NOTE: This is outdated information that applies only to Tapestry 4.
Work on Tapestry 3.0 has finally come to a close, and the focus is now on what comes next.
Hopefully, Tapestry 4.0 will not drag on for as long as Tapestry 3.0 (a year and a half!). More information is available on the Tapestry31Status page.
Woops! Guess it did! -- Howard
A number of ideas are floating around, rough areas in 3.0 (or even earlier) that need to be addressed.
Reworking Component Parameters
Component parameters are just not quite there. The idea of a component direction just doesn't work out well. Users need too much of an understanding of how components render to understand which direction works (i.e, can't use in if the parameter is accessed inside a component listener method). Then there are degenerate cases, such as an auto parameter that is connected to a in parameter (in an enclosing component).
Direction auto is one step on the way. But it has limitations: the primitive types it can operate with are limited, and parameters must be required. In addition, it can be less efficient that in, because it will evaluate an OGNL expression inside the fabricated accessor method every time.
What's needed is to improve direction auto with a notion of caching: how long can it cache the data if it has already retrieved it? I think likely options are no-cache, render, page-render or request. render means only as long as the component itself is rendering (or any components it encloses), that is, until the end of the component's renderComponent() method. page-render means until the current page finishes rendering. request means until the end of the current request cycle.
Components may need to know whether they are currently rendering or not ... when invoked by a listener method, render or page-render don't make sense.
I would think that render is the best default for a component parameter cache.
Update: Parameters have been fixed and are better and more efficient than ever. Parameter direction is gone. There isn't a choice in terms of caching, its the equivalent of render above, and I think that is more than sufficient.
Tapestry 3.0 expects all Tapestry pages and components in the application to be within a single directory. This causes some scalability problems ... when your application has dozens or hundreds of pages, its not good to have them all in a single directory.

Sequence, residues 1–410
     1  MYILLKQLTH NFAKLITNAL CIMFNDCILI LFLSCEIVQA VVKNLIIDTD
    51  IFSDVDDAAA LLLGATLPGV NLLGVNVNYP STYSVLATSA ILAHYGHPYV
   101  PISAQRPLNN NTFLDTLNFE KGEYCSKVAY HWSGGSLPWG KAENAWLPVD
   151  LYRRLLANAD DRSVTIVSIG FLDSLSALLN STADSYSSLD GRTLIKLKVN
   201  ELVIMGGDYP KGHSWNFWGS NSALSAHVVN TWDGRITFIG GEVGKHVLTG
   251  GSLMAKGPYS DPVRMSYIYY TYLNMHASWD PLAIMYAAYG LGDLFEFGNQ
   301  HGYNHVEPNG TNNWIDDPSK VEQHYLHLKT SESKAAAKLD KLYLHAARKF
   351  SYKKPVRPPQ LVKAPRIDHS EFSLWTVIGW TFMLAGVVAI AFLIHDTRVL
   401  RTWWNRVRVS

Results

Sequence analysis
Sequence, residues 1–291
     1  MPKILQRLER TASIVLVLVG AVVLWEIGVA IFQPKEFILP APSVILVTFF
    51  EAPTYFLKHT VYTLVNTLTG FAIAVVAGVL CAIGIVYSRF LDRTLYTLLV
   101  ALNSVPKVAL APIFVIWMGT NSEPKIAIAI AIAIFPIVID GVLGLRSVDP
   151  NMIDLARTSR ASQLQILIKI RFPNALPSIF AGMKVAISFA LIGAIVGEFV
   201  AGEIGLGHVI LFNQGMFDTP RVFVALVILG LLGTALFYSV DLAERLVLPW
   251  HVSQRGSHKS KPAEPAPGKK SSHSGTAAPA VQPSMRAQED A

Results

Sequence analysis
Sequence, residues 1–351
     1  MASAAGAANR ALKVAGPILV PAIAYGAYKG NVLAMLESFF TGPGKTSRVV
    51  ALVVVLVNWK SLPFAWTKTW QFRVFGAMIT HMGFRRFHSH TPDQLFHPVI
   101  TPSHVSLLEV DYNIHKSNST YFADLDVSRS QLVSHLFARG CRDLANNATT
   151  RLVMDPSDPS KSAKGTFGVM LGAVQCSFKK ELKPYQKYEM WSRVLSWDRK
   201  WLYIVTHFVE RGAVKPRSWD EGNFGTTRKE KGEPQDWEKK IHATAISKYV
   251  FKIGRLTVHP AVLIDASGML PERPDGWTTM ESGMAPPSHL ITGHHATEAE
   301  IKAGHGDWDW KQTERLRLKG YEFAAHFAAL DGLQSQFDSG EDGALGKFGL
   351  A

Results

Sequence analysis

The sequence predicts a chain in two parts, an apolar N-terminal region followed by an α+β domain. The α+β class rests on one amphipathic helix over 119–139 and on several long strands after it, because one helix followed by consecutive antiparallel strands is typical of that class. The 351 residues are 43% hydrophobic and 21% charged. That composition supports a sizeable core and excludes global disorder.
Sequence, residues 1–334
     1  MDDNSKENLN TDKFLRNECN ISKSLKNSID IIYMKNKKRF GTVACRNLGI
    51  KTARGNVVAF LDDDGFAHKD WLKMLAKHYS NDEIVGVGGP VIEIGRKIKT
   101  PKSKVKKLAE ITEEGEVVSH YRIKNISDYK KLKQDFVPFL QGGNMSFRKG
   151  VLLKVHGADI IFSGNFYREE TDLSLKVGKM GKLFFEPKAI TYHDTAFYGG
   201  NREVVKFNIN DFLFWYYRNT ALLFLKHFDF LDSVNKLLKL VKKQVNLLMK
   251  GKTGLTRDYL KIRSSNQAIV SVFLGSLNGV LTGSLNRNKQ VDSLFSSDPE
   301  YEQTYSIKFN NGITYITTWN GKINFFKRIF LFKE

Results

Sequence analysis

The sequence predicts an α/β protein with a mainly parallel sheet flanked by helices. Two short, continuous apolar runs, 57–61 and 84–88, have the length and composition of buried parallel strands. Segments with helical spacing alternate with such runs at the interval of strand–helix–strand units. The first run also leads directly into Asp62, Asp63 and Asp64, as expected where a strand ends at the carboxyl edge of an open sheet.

Further, it leads to a basic incompatibility with J2EE DeclarativeSecurity, which is based on mapping paths (effectively, folders) to different security zones.
It will take a lot of work to address this; not just in terms of how pages are named, but even more so in terms of how URLs are constructed and parsed.
On top of this is the desire to maintain WYSIWYG preview ... this will likely entail having the Shell component render a <base> tag.
Update: This has started, and page names can now have one or more folder names, i.e., admin/threads/ThreadAdmin. This would locate a page specification as /WEB-INF/admin/threads/ThreadAdmin.page and an HTML template in the same folder, or as /admin/threads/ThreadAdmin.html. The Shell component now renders a <base> tag.
Improved Testing Story
Testing Tapestry pages and components is too hard. Because the classes are often abstract, it isn't easy to instantiate them for testing purposes.
Tapestry has a fairly good test suite that needs to be productized: documented, improved, stabilized.
Update: The Creator can instantiate abstract components, a HiveMind 1.1-alpha supports mocked classes via the EasyMock class extension. So unit testing pages and components, and even the integration of different pages and components is feasible (and widely used inside Tapestry's own tests). However, providing a good, efficient, integration test framework would still be a huge boon ... the start of one is there, but I've switched gears to use EasyMock instead.
The DTD will be extended to make it easy to access HiveMind objects, using <inject> to inject services, configuration or whatever into pages and components as read-only properties. The <extension> and <service> elements will be deprecated.
Update: Yep, that's in there, and works great.
Offline Content Generation (4.1?)
This has come up ... the idea of using Tapestry to generate static web pages. This is a technique used by many high-volume web sites ... much of the content is neither fully dynamic nor personalized. It changes at fixed intervals and might as well be a static web page that is auto-magically updated. An alternative is to use your preferred http server's error handling mechanism to ask your app server to generate the static page (when possible): if the page is here, ok the http server serves it, otherwise it redirects the request to your app server (which in turn saves the final response). If you want to update, delete the static files. ...
Supporting porlets in Tapestry 4.0 is gaining an ever higher priority.